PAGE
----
Norfolk and Norwich Hospital placed in special measures
A teaching hospital in Norfolk has been rated "inadequate" by inspectors because of a "bullying culture", a report has said.
The Norfolk and Norwich University Hospital has now been placed in special measures by the Care Quality Commission (CQC).
Inspectors identified a "deterioration in how the trust was being run" but said staff were "clearly committed".
Hospital chief executive Mark Davies said: "We need to do better".
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The rating comes just months after the most recent report, published in August, said it "requires improvement", after failing to hit targets in A&E, cancer care and planned operations.
In January, the hospital was issued with a warning from the CQC to improve its quality of care.
Inspectors made a series of visits between October and March, looking at several departments including emergency care, surgery and outpatients.
Ted Baker, the Chief Inspector of Hospitals, said the low rating was "extremely disappointing".
"Although staff at the trust were clearly caring and committed to helping patients, we were very concerned by how the trust is being led and with many of its systems and processes," he said.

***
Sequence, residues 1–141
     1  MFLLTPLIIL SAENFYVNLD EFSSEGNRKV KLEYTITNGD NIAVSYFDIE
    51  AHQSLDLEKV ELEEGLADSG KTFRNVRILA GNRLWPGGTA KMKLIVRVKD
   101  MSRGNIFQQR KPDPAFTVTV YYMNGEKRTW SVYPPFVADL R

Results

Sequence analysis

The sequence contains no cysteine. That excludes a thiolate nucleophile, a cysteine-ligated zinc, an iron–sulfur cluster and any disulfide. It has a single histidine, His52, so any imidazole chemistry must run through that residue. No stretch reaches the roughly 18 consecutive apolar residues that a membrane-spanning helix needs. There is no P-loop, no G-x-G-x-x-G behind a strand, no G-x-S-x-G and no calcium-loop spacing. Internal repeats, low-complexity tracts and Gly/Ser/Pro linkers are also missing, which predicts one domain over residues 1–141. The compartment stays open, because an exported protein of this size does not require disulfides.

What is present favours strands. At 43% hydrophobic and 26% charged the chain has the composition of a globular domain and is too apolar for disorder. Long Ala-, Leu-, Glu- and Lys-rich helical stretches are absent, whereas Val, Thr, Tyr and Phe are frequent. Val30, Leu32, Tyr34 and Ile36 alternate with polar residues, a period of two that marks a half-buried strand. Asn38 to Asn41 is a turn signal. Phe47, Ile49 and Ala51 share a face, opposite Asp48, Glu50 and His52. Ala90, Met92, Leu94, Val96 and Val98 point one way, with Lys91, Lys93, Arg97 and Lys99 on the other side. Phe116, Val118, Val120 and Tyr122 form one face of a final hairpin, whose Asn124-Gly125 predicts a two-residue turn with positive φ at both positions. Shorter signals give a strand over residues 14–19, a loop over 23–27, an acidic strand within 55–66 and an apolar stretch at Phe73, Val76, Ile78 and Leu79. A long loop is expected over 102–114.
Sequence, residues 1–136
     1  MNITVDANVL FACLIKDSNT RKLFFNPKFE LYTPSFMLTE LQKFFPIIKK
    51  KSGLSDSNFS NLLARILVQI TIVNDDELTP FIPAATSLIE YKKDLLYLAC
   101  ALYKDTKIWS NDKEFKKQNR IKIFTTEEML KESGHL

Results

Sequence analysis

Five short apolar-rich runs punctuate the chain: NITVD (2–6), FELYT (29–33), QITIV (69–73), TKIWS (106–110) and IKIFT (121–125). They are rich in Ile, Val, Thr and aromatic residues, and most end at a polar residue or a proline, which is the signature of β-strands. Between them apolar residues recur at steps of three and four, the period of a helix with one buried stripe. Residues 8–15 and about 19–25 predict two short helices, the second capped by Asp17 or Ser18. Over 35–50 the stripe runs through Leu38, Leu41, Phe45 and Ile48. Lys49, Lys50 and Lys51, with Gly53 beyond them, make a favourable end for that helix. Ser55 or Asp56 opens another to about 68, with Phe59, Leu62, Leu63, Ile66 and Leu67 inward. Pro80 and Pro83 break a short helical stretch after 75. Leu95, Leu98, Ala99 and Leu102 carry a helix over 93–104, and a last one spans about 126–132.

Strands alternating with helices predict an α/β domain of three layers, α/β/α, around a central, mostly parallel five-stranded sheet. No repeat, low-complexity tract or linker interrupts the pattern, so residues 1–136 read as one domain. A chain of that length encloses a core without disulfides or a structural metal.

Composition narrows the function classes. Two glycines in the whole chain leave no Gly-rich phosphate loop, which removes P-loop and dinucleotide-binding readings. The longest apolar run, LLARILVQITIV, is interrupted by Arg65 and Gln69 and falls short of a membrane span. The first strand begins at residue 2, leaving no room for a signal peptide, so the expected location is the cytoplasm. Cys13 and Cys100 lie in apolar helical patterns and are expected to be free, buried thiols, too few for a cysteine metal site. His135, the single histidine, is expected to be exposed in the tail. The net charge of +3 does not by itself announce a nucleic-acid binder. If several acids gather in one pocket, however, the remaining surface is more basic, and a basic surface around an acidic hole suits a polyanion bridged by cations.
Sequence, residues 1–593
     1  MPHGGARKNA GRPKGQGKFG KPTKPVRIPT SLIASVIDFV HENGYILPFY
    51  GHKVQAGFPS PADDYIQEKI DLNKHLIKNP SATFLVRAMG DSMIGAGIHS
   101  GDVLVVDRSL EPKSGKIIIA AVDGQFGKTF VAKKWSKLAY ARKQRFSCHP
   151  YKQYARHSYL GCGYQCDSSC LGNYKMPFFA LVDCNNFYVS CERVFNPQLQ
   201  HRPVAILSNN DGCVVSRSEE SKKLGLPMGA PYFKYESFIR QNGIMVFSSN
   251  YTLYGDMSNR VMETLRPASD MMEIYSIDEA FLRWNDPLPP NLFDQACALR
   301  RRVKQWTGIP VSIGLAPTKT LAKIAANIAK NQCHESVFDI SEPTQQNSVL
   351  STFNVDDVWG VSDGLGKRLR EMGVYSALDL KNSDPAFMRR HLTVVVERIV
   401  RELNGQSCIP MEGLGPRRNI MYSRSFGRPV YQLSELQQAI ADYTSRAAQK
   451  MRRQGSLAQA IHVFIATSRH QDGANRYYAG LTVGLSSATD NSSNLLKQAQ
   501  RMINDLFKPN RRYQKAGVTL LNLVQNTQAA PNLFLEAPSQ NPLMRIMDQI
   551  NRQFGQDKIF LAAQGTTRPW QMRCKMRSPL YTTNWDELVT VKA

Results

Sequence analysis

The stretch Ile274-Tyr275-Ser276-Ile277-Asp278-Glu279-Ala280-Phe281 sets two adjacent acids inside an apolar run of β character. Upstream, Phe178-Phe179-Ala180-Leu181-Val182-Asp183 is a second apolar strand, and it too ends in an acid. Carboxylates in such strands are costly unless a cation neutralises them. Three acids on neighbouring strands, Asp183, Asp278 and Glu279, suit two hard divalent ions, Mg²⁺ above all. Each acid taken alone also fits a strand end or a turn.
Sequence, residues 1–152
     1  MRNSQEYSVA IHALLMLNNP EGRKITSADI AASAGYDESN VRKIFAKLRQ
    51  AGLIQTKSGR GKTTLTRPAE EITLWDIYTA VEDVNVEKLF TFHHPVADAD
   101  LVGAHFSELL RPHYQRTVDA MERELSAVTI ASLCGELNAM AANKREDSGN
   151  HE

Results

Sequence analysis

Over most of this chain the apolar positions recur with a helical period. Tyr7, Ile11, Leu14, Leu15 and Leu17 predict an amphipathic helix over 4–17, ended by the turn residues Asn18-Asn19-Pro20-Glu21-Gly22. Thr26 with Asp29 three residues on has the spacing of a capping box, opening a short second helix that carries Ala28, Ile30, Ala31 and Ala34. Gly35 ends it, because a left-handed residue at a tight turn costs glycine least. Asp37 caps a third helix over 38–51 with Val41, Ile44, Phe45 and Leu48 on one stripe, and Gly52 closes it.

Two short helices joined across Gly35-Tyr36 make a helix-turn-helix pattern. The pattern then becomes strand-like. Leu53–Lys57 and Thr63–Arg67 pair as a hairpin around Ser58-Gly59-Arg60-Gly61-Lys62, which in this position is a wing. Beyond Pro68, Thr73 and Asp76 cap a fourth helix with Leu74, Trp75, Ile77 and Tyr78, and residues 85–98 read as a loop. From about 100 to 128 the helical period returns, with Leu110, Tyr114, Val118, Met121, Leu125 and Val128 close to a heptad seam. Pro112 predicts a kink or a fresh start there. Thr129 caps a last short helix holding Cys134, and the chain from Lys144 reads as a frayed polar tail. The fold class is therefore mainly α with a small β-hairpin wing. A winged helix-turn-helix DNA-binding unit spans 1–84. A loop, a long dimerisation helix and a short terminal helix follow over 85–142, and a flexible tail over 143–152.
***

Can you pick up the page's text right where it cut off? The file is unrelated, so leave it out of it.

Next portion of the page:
"We received a significant number of reports through whistle blowing following our initial inspection and this showed that a bullying culture remained at the trust."
The report calls for hospital leaders to take "definitive steps to improve the culture, openness and transparency throughout the organisation".
Mr Davies said 180 ambulances a day attended A&E at the Norfolk and Norwich over the winter period, and that the hospital "just isn't big enough to cope with the demand that is coming through our doors".
He said: "The sign of an open, approachable and mature organisation is to take these criticisms on the chin and listen to what everyone has to say, then create a plan and get on with it."